Project A II (1987)

Directed by
Jackie doing what Jackie does
Reviewed by Simon on 2022-12-17

Apparently Jackie Chan declined to appear in big bro Sammo Hung's Eastern Condors, and instead made a sequel to Project A without Sammo or Yuen Biao. Rude!

Project A II is essentially Period Police Story hybridised with Peking Opera Blues, and something of a precursor to the Once Upon A Time In China films. This time around Jackie is transferred from the coast guard to lead a police precinct, finding that the officer in the seat before him had been more interested in helping himself than the local people.

It's a lavish production, full of ambitious spectacle in which Jackie naturally takes centre stage, with his athleticism, charisma and perfectionism all at peak levels.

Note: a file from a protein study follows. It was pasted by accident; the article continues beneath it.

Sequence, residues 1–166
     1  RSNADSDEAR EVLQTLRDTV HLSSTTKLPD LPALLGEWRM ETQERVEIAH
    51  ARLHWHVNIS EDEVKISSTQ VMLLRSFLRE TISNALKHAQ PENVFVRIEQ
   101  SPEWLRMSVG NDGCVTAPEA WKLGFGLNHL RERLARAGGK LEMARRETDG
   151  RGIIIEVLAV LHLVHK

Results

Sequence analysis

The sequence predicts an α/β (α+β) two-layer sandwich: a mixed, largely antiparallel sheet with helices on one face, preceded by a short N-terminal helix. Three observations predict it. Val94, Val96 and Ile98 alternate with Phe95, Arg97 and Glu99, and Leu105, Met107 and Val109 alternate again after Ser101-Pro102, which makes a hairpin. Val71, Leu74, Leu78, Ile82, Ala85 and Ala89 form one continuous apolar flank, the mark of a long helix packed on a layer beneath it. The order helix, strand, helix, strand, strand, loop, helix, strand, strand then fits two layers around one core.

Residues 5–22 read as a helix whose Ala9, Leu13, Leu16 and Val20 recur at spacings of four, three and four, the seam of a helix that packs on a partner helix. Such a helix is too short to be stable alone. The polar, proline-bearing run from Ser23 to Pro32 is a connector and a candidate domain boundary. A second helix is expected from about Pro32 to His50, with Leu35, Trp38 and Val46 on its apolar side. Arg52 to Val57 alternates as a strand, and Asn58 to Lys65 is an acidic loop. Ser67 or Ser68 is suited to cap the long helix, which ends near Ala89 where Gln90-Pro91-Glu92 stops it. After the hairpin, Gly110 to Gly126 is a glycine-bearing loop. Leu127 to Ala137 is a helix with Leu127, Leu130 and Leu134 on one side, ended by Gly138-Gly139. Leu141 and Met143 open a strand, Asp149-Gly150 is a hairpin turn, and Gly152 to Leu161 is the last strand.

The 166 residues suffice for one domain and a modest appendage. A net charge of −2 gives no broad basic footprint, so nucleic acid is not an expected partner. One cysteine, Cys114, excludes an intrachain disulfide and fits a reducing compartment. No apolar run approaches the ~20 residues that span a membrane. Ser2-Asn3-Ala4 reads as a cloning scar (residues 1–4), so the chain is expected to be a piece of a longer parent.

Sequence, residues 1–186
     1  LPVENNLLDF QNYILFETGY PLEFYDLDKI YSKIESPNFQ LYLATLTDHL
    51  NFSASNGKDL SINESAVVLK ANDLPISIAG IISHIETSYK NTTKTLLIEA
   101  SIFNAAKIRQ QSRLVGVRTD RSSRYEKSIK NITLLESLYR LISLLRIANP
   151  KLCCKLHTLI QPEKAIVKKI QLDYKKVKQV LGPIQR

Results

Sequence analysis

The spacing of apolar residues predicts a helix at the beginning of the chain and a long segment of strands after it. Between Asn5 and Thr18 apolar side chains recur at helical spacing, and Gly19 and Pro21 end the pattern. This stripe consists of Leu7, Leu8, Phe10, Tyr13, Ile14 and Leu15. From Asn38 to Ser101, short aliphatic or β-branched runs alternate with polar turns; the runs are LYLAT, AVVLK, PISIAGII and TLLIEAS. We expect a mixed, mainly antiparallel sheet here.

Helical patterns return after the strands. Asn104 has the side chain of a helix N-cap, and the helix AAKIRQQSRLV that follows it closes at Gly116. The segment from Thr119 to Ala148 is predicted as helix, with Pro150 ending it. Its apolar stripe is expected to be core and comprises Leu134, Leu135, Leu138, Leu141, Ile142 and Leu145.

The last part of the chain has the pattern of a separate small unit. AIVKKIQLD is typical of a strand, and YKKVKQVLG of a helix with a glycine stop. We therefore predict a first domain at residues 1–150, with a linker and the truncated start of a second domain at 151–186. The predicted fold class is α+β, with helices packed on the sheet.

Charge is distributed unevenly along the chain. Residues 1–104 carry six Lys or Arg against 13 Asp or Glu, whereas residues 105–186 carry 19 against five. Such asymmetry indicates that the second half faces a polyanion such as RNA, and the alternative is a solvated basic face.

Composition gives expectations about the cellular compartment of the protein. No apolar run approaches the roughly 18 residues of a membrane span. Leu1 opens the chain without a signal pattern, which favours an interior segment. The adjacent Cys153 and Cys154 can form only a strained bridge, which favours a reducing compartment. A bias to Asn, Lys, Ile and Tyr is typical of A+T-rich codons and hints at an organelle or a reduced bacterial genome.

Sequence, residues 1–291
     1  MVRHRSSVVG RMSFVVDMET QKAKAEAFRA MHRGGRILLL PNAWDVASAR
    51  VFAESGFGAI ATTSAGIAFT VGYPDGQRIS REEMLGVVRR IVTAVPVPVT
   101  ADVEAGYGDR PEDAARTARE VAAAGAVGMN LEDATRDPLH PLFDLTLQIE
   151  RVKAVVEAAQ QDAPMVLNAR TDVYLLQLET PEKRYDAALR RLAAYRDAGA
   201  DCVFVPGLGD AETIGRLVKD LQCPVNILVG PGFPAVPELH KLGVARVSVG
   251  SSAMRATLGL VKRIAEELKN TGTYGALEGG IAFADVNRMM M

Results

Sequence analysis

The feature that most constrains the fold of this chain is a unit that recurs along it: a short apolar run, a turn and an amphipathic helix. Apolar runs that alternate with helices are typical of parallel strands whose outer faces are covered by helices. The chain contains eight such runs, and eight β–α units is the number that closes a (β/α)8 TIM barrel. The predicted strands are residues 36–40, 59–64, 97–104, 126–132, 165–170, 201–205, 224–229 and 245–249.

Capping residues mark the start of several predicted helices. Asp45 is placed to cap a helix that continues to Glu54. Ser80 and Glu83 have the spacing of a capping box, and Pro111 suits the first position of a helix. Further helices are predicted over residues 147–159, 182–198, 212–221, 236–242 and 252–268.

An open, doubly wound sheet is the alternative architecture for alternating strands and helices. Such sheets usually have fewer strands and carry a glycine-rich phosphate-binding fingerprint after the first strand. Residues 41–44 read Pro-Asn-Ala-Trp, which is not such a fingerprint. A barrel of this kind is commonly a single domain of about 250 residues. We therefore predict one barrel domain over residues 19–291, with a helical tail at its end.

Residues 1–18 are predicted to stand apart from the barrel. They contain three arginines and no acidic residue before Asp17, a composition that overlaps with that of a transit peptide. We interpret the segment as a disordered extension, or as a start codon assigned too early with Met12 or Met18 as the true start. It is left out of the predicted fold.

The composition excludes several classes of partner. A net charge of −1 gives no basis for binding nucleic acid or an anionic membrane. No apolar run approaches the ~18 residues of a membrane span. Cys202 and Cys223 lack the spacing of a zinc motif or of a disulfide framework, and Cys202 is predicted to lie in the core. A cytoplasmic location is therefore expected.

The absence of the other two dragons is definitely felt. Without the chemistry Jackie, Sammo and Biao have together - and perhaps more importantly, anything to take the focus off Jackie for a while - the film doesn't feel quite as exciting.

The script is definitely a stronger focus this time round, and it's clear that Jackie had things he wanted to say. The plot mixes themes of patriotism, corruption and revolution with crowd-pleasing gags, stunts and fights. It crams a lot in and keeps it moving at a breakneck pace - apart from one scene where it smashes into a wall.

It's hard to point to any specific problems otherwise, but overall it perhaps feels a little formulaic - Jackie had his persona and his style nailed down and he doesn't take any big risks with it here. There is plenty of action, but nothing quite as fresh or memorable as the bicycle scene or the clock tower from the first film.

Still, Jackie Chan doing Jackie Chan things in his prime is hardly something to be sniffed at, and the film is a solid example of what made him, and Hong Kong, so special in those days.